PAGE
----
DVD Review: ‘Polish Cinema Classics Volume II’


March saw the 11th Kinoteka Polish Film Festival take place across the UK – highlight being was a trio of rereleased masterpieces. Those films have now been pulled together for Second Run’s Polish Cinema Classics Volume II. The collection consists of Andrzej Wajda’s The Promised Land (Ziemia obiecana, 1975), Wojciech Marczewski’s Escape from the ‘Liberty’ Cinema (Ucieczka z kina ‘Wolnosc’, 1990) and Krzysztof Zanussi’s Illumination (Iluminacja, 1973). All affecting in their own way, these three films are essentially linked by their inventiveness and vibrancy, which shines through in different aspects of each entry.

The Promised Land was the film that garnered Wajda’s first Academy Award nomination and follows a trio of young industrialists attempting to make their fortune in the city of Lodz. With diverse ethnic and class backgrounds, the threesome’s journey examines race and status in the period upon which modern Poland was built as well as the corruptive power of wealth. It gives a rather bleak view of this particular time and place and presents a scathing portrayal of the contrast between the rich and poor of the period. The performances are all good, especially that of Daniel Olbrychski in the lead role of Karol, and the intrigue of the plot is sustained all the way to its chilling conclusion.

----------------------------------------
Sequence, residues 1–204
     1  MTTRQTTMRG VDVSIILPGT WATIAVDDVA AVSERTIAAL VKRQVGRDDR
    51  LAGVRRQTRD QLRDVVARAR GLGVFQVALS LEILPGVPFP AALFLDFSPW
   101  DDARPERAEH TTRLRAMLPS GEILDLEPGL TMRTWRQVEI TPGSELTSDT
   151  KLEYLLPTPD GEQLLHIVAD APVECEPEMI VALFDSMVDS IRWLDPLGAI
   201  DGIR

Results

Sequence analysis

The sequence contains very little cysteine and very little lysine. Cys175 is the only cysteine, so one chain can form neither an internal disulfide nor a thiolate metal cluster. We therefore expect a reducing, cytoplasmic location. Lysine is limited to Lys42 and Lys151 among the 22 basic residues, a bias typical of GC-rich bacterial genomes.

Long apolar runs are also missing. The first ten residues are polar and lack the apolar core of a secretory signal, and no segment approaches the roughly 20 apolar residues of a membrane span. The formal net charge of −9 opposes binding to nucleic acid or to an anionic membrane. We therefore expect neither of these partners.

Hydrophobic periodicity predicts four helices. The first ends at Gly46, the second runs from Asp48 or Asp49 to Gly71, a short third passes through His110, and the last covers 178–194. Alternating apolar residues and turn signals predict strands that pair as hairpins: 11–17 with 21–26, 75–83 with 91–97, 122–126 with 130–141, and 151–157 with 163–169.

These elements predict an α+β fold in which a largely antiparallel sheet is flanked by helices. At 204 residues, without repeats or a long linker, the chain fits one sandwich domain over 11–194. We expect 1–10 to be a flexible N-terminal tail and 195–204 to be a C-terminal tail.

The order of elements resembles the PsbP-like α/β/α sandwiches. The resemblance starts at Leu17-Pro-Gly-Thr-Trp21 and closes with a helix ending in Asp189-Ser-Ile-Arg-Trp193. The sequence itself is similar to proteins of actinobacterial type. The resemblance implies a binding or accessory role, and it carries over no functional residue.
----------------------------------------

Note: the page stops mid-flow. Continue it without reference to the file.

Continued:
Wojciech Marcezewski’s Escape From the ‘Liberty’ Cinema is a surreal comedy about artistic censorship in his country under the Communist government. The film tells of an embittered district censor (Janusz Gajos) who comes across the rather unusual problem of a film whose actors have gone on strike in his local cinema. Crowds are drawn to the on-screen actors refusing to speak shoddy lines and saying whatever comes to mind – a disaster for censorship, with the only option being to burn the incendiary film. A wonderfully complex discourse, Escape From the ‘Liberty’ Cinema is brimming with irony and pitch black satire, and becomes a moving condemnation of censorship.

The most esoteric of the three features is Krzysztof Zanussi’s Illumination which, on the surface, tells the tale of Franciszek Retman (Stanislaw Latallo) a physics student in Warsaw. This kaleidoscopic film eschews convention, however, and seeks to explore the relationship of art and science through cinéma vérité-style drama, photographs, interviews, lectures and diagrams. Not a film for those in search of straight-forward linear narrative, the film will happily jump away from its protagonist at any moment to discuss morality or to a Wes Anderson-esque frame of a vaguely relevant object or chart. Still, the overall piece is a real triumph and as important today as it was when it was made.

A truly inspiring set of films, this will make an excellent addition to the shelf of any true cinema fan. These are three definite classics from Polish masters and each will leave you speechless for entirely different reasons. Whether it be the moral depravity of 19th century Lodz, a heart-wrenching polemic on censorship, or a confounding examination of humanity, they’re all very much worth checking out if you get the chance.

Ben Nicholson

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